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Mujahideen (also mujahedeen, mujahedin, mujahidin, mujaheddin etc.) is the
Arabic literal translation of "holy warriors."
The most well-known, and feared, mujahideen were the opposition groups that
fought against the Soviet occupation of Afghanistan between 1979 and 1989
and the following civil war.
Afghanistan's resistance movement was born in chaos, spread and triumphed
chaotically, and has not found a way to govern differently. Virtually all of
its war was waged locally. As warfare became more sophisticated, outside
support and regional coordination grew. Even so, the basic units of
mujahideen organization and action continued to reflect the highly segmented
nature of Afghan society.
In the course of the guerilla war, leadership came to be distinctively
associated with the title, "commander." It applied to independent leaders,
eschewing identification with elaborate military bureaucracy associated with
such ranks as general. As the war produced leaders of reputation,
"commander" was conferred on leaders of fighting units of all sizes,
signifying pride in independence, self-sufficiency, and distinct ties to
local community. The title epitomized Afghan pride in their struggle against
an overwhelmingly powerful foe. Segmentation of power and religious
leadership were the two values evoked by nomenclature generated in the war.
Neither had been favored in ideology of the former Afghan state.
Olivier Roy estimates that after four years of war there were at least 4,000
bases from which mujahideen units operated. Most of these were affiliated
with the seven expatriate parties headquartered in Pakistan which served as
sources of supply and varying degrees of supervision. Significant commanders
typically led 300 or more men, controlled several bases and dominated a
district or a sub-division of a province. Hierarchies of organization above
the bases were attempted. Their operations varied greatly in scope, the most
ambitious being achieved by Ahmed Shah Massoud of the Panjshir valley north
of Kabul. He led at least 10,000 trained troops at the end of the Soviet war
and had expanded his political control of Tajik dominated areas to
Afghanistan's northeastern provinces under the Supervisory Council of the North.
Roy also describes regional, ethnic and sectarian variations in mujahideen
organization. In the Pashtun areas of the east, south and southwest, tribal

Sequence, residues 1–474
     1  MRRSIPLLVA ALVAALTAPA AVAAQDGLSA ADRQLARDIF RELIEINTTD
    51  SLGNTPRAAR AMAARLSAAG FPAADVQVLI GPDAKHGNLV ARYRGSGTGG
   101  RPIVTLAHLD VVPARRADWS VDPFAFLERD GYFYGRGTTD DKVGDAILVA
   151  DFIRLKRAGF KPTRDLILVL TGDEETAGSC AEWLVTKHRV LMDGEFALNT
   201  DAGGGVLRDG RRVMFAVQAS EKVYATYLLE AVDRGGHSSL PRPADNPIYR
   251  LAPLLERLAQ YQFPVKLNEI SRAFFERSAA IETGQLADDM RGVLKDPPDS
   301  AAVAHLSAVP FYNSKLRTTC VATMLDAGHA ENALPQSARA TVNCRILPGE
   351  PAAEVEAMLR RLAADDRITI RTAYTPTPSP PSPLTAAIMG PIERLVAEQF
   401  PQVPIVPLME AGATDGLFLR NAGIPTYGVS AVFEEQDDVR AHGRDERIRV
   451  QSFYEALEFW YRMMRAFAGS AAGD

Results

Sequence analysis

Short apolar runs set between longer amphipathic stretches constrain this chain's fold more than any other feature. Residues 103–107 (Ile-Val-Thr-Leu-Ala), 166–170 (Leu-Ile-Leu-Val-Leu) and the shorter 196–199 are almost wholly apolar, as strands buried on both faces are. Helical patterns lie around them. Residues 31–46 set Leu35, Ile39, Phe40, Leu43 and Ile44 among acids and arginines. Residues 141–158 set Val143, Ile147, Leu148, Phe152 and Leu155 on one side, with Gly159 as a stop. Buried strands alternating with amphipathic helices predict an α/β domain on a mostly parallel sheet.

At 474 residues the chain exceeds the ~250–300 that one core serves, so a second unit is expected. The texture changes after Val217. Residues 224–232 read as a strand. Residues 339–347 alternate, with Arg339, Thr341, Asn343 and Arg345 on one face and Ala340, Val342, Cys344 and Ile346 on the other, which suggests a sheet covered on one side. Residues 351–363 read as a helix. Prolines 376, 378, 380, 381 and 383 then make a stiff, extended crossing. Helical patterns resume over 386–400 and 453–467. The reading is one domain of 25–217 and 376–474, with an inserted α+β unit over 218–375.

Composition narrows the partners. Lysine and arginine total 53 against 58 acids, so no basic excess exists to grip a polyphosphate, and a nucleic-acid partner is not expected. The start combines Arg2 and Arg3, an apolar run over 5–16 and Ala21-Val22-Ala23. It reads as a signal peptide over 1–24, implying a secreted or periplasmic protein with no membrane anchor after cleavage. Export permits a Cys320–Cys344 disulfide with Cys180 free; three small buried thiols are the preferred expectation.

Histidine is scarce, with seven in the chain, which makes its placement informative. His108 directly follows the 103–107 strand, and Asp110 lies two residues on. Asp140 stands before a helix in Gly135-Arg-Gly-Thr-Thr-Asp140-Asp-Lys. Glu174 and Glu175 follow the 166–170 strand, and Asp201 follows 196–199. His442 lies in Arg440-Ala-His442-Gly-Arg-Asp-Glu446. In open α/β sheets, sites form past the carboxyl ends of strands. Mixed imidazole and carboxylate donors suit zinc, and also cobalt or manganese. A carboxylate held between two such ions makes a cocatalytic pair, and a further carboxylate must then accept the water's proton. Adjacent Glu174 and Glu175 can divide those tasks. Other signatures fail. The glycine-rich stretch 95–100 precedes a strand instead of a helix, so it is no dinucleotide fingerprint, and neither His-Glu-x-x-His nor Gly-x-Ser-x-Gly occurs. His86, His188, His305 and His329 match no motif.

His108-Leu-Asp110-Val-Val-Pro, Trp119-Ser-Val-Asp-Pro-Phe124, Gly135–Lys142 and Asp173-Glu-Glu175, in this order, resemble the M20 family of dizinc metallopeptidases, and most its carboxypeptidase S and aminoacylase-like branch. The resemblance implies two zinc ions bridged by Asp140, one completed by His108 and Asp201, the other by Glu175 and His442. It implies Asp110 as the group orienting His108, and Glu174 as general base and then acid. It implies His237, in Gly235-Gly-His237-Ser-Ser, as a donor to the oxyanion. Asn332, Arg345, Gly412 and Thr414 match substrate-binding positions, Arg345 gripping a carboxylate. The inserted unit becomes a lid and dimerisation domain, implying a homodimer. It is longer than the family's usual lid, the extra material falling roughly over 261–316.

structure, with its many rival sub-divisions, provided the basis for
military organization and leadership. Mobilization could be readily linked
to traditional fighting allegiances of the tribal lashkar (fighting force).
In favorable circumstances such formations could quickly reach more than
10,000, as happened when large Soviet assaults were launched in the eastern
provinces, or when the mujahideen besieged towns, such as Khost in Paktia
province. But in campaigns of the latter type the traditional explosions of
manpower--customarily common immediately after the completion of
harvest--proved obsolete when confronted by well dug-in defenders with
modern weapons. Lashkar durability was notoriously short; few sieges
Mujahideen mobilization in non-Pashtun regions faced very different
obstacles. Prior to the invasion few non-Pashtuns possessed firearms. Early
in the war they were most readily available from army troops or gendarmerie
who defected or were ambushed. The international arms market and foreign
military support tended to reach the minority areas last.
In the northern regions little military tradition had survived upon which to
build an armed resistance. Mobilization mostly came from political
leadership closely tied to Islam.
Roy convincingly contrasts the social leadership of religious figures in the
Persian and Turkish speaking regions of Afghanistan with that of the
Pashtuns. Lacking a strong political representation in a state dominated by
Pashtuns, minority communities commonly looked to pious learned or
charismatically revered pirs (saints) for leadership. Extensive Sufi and
maraboutic networks were spread through the minority communities, readily
available as foundations for leadership, organization, communication and
indoctrination. These networks also provided for political mobilization,
which led to some of the most effective of the resistance operations during
Many Muslims from other countries volunteered to assist various Mujahideen
groups in Afghanistan, and gained significant experience in guerrilla
warfare. Some groups of these veterans have been significant factors in more
recent conflicts in and around the Muslim world.
The Mujahideen "won" when the Soviet Union pulled troops out of Afganistan
in 1989, followed by the fall of the Mohammad_Najibullah regime in 1992.
However, the Mujahideen did not establish a united government, and they were
in turn ousted from power by the Taliban in 1996.